24th Oct, 2023
The Manchester Clean Air Zone has been in the works for a good long while now – you may even remember when we published a piece on its progress a few years ago. It’s exactly what it sounds like: a plan to clean up the air quality in Greater Manchester. It consists of a range of measures, but one of the most controversial aspects by far is the proposed daily charges for any vehicle that falls below the required emissions standards. That’s essentially going to require a large-scale overhaul of business fleets and public transport, and the idea is also to encourage countless motorists to scrap their cars in favour of newer, cleaner models.
However, as you might expect, with all the turmoil of the last few years, the residents of Greater Manchester haven’t been too thrilled at the prospect of extra financial pressure, and that’s played a major part in getting the plans for Manchester’s Clean Air Zone halted, at least for now.
So, what’s happening with the plans at the moment? Well, to be honest, not a lot. Here’s why.
OK, so we recognise that it does sound like an absurdly specific reason for such large-scale plans to be delayed, but it’s a pretty crucial aspect. Manchester is widely recognised for the quality of its public transport network (even though it might not feel like that for residents sometimes!), and the city’s ability to properly retrofit its buses therefore makes up a vital element of its plans.
The government has already received information on bus retrofitting, but it’s determined that this data may not be reliable. So now, further investigations are underway to determine exactly how easy or hard it’s going to be to retrofit the city’s buses. Greater Manchester authorities are particularly keen to get hold of this information, as it’s key to the case that officials are making to the government for a non-charging Clean Air Plan.
However, until that last stumbling block is resolved, GM authorities won’t be able to finalise a concrete plan with the central government.
The Clean Taxi Fund is chiefly concerned with reducing emissions in another key area of Manchester’s transport sector – namely, taxis and private hire vehicles.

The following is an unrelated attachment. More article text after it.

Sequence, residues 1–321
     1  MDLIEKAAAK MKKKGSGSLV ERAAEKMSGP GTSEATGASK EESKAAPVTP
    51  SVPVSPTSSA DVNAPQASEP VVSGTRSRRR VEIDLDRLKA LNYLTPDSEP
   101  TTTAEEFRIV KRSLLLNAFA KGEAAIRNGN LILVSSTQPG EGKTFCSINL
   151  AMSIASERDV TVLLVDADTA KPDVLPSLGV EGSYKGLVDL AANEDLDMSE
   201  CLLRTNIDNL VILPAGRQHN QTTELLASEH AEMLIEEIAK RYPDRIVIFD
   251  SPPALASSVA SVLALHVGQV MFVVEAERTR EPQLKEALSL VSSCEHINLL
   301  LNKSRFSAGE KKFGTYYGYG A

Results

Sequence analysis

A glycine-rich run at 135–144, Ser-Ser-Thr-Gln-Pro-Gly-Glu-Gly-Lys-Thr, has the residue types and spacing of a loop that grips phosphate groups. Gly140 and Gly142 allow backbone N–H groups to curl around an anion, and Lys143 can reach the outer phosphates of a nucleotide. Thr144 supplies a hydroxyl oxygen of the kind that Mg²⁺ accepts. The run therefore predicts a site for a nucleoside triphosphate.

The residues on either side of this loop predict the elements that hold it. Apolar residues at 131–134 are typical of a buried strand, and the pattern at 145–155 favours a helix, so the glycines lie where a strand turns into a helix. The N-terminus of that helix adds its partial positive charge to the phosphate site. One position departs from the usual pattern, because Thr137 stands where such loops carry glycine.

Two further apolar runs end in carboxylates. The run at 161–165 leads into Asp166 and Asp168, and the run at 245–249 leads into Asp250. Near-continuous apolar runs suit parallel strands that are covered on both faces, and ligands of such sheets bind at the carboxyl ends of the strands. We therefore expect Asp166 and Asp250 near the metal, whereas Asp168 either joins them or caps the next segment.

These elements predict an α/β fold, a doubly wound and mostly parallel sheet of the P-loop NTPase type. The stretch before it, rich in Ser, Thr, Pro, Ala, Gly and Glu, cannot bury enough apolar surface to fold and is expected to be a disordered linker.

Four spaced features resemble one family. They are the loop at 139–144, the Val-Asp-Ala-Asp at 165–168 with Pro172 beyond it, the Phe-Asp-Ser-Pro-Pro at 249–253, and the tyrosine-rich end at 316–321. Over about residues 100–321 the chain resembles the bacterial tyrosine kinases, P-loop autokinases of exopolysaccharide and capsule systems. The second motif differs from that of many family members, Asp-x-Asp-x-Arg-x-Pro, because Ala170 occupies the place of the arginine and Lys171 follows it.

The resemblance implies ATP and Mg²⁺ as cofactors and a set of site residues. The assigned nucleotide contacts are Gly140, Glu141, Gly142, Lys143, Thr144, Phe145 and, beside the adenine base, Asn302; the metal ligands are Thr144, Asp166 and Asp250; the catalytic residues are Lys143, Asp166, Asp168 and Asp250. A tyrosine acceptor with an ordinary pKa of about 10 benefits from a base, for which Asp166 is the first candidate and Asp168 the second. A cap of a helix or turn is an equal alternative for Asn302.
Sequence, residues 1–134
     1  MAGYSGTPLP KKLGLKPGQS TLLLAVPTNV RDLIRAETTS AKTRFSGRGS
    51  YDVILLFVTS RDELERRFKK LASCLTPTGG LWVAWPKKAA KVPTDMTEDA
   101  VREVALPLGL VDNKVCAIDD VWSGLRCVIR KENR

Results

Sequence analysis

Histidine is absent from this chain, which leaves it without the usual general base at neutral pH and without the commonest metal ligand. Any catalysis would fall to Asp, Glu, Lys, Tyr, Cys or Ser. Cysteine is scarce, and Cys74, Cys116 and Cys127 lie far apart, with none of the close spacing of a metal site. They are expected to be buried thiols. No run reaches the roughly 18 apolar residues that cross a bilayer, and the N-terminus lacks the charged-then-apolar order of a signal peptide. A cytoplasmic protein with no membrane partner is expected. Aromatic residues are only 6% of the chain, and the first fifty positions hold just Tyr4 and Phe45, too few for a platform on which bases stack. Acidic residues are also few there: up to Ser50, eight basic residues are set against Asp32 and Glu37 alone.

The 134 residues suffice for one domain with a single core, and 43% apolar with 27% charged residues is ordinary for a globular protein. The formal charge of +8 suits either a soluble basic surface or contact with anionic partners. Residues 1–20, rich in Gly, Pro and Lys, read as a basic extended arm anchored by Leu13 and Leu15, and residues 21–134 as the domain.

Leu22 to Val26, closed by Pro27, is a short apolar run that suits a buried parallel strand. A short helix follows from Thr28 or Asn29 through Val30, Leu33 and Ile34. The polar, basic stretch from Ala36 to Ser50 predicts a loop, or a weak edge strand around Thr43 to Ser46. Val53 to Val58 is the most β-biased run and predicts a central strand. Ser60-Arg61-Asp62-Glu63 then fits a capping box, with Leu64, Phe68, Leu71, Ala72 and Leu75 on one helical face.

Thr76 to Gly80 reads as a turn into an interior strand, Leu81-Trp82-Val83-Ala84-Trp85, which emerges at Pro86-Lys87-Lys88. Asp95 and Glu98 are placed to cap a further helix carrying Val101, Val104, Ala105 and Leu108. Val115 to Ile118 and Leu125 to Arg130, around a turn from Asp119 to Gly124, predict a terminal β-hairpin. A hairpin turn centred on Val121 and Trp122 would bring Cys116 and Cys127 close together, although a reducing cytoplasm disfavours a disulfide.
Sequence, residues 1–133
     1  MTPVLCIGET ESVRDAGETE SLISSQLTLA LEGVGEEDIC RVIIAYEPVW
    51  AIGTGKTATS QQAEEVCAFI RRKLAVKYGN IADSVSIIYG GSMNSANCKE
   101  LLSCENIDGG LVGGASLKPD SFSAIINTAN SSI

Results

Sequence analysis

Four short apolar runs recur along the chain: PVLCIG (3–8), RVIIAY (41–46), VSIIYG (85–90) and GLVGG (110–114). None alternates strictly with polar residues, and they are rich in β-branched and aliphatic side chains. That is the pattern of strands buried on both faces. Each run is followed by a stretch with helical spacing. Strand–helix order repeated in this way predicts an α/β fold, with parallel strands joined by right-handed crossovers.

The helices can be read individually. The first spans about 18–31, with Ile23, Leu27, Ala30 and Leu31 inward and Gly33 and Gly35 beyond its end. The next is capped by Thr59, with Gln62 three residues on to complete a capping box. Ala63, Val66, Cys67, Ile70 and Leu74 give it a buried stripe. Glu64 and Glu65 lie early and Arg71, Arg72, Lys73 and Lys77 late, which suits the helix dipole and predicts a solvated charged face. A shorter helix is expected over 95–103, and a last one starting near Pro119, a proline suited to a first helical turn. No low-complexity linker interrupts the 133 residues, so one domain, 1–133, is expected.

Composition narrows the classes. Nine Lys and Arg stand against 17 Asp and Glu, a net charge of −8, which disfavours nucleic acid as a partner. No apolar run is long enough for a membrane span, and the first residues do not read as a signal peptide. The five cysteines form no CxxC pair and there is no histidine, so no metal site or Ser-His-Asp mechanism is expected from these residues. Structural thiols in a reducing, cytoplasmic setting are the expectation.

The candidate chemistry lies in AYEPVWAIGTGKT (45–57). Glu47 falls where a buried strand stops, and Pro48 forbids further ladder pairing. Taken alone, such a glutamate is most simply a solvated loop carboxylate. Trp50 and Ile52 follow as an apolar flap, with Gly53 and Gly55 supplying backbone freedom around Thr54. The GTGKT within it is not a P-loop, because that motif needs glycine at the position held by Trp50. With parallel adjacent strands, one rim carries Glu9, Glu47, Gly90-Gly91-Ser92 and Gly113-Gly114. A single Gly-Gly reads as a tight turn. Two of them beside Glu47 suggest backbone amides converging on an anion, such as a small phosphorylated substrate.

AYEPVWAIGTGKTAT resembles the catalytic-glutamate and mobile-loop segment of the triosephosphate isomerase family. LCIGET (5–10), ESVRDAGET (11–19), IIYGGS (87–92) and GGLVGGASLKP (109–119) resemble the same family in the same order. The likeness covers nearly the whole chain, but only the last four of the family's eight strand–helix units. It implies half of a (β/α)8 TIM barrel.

Greater Manchester has already secured £21.4 million in funding from the government for a Clean Taxi Fund, set aside is to be used to help support hackney carriages and private hire vehicles which are licensed with the ten Greater Manchester authorities. The idea is that local businesses and organisations with non-compliant vehicles can then make an application to receive financial support to help them retrofit or upgrade their fleets.
The funding is still held but it’s not open to applicants just yet, and won’t be until at least the issue with the bus data is resolved. There’s also the fact that not all applicants will be successful, so Greater Manchester is advising fleet owners to look at ways they may be able to at least get started on upgrading their fleets themselves.
To be honest, there’s not a lot that individual car owners need to do at this stage, certainly not in terms of specifics. In general though, if you can then it’s always a good idea to look at how best you can upgrade your car to the cleanest, newest version you can comfortably afford.
And if you’re looking to scrap your car and take that first step, that’s exactly where we can help here at Scrap Car Network. We’re focused on helping you get you the very best price when you scrap your car.
Plus, we like to make things as easy and straightforward for you as possible – all you need to do is enter your car reg and postcode into the fields on our site, and we’ll get you an instant online quote before you can say cash for cars. It only takes a few seconds. Curious to find out how much your car is worth?